Tuesday, June 23, 2015

Reading Laudato Si

Having a few days break before returning to Boston, I have the luxury of giving a slow-read to the Holy Father's encyclical Laudato Si. Without trying to give a summary of the text, I thought it might be nice to offer a few reflections on the document. 

In the introduction to the document, we find a tantalizingly suggestive phrase: integral ecology. Pope Francis does not immediately define this term, but he tethers it to the vision Saint Francis had for the environment. Consistent with a tradition reaching back to the psalms, the Holy Father desires his readers to take a stance that allows creation itself to praise God's glory. Far from a bloodless portrayal of the environment as an assemblage of biological organisms, Pope Francis understands creation as the primordial locus of wonder and awe:
If we approach nature and the environment without this openness to awe and wonder, if we no longer speak the language of fraternity and beauty in our relationship with the world, our attitude will be that of masters, consumers, ruthless exploiters, unable to set limits on their immediate needs. By contrast, if we feel intimately united with all that exists, then sobriety and care will well up spontaneously. The poverty and austerity of Saint Francis were no mere veneer of asceticism, but something much more radical: a refusal to turn reality into an object simply to be used and controlled. (11)
Our attitude to the world must not be one of cool indifference but, rather, one of astonishment and wonder. That it is at all is a marvel sufficient to rock us back on our heels and stir up within a sense of enormity and vastness of creation. 

Chapter One, "What is Happening to Our Common Home," addresses five areas of particular environmental concern: pollution, water, biodiversity, quality of human life, and global inequality. Pope Francis decries what I would call naive "capitalist cataracts" which blind one to detecting the many and subtle ways we are all connected. So blinded, one comes to see "the environment" as merely a means to a singular end: profit. If profit is the goal, then any means can be justified to turn a profit, even if those means include inflicting terrible damage to the world we share with one another. This blindness lacks, too, the depth-perception to note that what we do to the environment ultimately affects us: the toxins we spew into the air or discharge into the sea eventually make it back to us in the forms of our drinking water and the food on our plates. It's sort of like passing gas in a crowded elevator: you may hope to God it doesn't stink but odds are it does and it will, given sufficient time, affect everyone on board.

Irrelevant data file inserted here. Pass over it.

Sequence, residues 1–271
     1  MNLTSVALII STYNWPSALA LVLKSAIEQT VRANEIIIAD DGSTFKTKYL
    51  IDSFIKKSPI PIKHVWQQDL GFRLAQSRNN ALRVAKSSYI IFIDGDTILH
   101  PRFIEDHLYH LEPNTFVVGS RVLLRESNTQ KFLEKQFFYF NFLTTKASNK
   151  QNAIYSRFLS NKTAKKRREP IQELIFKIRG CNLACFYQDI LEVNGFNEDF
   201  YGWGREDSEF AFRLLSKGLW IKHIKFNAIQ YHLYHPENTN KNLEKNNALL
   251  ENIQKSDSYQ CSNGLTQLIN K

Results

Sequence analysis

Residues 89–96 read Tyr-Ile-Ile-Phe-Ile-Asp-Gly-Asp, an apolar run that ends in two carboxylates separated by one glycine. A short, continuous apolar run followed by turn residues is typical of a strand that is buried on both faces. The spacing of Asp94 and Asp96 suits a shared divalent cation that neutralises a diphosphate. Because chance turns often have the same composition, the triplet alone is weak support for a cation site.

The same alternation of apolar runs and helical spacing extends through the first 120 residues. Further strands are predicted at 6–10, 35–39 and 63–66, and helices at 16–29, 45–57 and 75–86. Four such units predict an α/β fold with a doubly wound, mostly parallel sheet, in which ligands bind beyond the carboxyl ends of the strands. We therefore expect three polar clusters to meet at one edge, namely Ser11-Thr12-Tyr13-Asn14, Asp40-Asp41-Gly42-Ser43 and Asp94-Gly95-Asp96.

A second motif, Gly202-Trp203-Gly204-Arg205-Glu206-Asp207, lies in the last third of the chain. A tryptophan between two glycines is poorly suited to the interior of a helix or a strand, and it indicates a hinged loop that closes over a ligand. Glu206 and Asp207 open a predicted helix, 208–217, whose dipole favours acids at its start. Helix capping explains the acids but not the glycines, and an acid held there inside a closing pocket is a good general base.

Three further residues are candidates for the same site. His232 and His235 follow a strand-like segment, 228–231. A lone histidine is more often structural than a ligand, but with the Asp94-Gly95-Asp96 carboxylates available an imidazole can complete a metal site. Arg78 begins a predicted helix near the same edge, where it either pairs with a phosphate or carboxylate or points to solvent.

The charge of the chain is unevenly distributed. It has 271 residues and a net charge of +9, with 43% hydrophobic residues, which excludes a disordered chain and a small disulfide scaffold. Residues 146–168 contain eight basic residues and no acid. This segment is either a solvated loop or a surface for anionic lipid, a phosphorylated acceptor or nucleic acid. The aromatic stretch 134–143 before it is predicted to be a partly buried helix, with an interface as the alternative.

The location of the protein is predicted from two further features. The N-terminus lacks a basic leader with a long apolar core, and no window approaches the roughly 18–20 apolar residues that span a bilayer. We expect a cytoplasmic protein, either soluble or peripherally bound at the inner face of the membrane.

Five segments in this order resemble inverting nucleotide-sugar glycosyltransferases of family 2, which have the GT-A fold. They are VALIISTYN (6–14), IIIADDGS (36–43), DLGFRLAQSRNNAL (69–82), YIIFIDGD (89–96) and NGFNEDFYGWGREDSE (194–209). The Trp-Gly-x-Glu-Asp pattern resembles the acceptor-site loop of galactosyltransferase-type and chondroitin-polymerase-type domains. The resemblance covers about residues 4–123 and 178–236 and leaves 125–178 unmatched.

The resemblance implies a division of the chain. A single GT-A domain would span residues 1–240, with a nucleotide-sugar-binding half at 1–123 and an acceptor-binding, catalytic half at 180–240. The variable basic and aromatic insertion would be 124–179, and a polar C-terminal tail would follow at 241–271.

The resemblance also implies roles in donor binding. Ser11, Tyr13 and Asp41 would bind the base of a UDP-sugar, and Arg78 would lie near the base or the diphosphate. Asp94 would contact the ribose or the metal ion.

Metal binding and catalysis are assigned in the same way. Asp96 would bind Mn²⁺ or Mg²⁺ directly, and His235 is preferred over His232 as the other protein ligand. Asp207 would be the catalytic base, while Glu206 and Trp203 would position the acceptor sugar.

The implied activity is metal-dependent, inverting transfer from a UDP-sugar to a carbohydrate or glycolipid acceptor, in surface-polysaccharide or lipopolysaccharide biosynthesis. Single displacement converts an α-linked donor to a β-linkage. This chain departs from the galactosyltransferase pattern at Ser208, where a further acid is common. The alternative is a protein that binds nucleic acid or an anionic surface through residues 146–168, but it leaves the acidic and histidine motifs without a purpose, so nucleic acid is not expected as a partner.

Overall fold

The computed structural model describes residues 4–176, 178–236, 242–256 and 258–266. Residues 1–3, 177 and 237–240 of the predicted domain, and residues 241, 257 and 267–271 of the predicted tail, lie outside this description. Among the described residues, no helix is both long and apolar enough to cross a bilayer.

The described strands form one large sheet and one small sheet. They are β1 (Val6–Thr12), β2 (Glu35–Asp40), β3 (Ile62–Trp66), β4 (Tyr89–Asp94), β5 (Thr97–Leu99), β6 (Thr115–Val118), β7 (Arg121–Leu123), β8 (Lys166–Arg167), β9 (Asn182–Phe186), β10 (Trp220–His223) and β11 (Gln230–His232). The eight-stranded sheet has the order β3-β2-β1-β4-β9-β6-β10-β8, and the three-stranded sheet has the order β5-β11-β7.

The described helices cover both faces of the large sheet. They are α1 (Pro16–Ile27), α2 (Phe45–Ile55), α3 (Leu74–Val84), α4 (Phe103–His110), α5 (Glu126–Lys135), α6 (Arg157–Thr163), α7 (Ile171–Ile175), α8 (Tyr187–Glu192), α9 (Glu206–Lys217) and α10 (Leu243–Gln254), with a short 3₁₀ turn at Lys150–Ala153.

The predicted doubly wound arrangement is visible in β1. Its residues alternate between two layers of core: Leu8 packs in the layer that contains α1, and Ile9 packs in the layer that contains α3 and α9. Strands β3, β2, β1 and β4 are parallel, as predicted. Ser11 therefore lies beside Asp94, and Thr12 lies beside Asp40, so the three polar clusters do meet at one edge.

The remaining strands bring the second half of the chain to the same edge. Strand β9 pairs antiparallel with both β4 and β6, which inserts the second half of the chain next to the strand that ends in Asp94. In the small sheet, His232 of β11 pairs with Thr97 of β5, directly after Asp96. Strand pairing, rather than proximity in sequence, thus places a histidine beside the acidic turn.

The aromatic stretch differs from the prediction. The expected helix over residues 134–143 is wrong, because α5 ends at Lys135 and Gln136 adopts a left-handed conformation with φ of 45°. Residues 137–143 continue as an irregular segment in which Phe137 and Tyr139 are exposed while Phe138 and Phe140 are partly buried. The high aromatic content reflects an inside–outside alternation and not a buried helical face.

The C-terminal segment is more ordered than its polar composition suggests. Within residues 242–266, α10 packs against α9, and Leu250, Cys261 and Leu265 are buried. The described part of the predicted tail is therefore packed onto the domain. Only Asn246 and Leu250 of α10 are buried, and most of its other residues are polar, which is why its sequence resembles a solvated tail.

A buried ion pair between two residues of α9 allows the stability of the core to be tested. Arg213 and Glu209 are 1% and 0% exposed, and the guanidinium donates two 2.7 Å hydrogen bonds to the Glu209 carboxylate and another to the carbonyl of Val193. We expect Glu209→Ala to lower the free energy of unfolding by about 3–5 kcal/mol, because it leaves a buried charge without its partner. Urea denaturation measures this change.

Pope Francis concludes the first chapter with the following prescient observation:
On many concrete questions, the Church has no reason to offer a definitive opinion; she knows that honest debate must be encouraged among experts, while respecting divergent views. But we need only take a frank look at the facts to see that our common home is falling into serious disrepair. Hope would have us recognize that there is always a way out, that we can always redirect our steps, that we can always do something to solve our problems. Still, we can see signs that things are now reaching a breaking point, due to the rapid pace of change and degradation; these are evident in large-scale natural disasters as well as social and even financial crises, for the world’s problems cannot be analyzed or explained in isolation. There are regions now at high risk and, aside from all doomsday predictions, the present world system is certainly unsustainable from a number of points of view, for we have stopped thinking about the goals of human activity. “If we scan the regions of our planet, we immediately see that humanity has disappointed God’s expectations”. (61)
The role of the Church is not to claim that this scientific theory is correct, or that scientific study irredeemably flawed. The Church's role, instead, is to help give a holistic assessment - an integral assessment - of the current state of affairs. One may debate the nature and scope of human impact upon the earth, but it cannot be denied that we are affecting it...and not for the good of the planet or for the whole of its population.

This first chapter, then, sets the stage for what is to follow. I am keenly interested in how the notion of "integral ecology" will be developed. But as I finish reading this opening of the text, I cannot but marvel at the ongoing sense of hope: it is not too late for us to be aroused to the plight of our common home and respond in a way in line with God's expectations.

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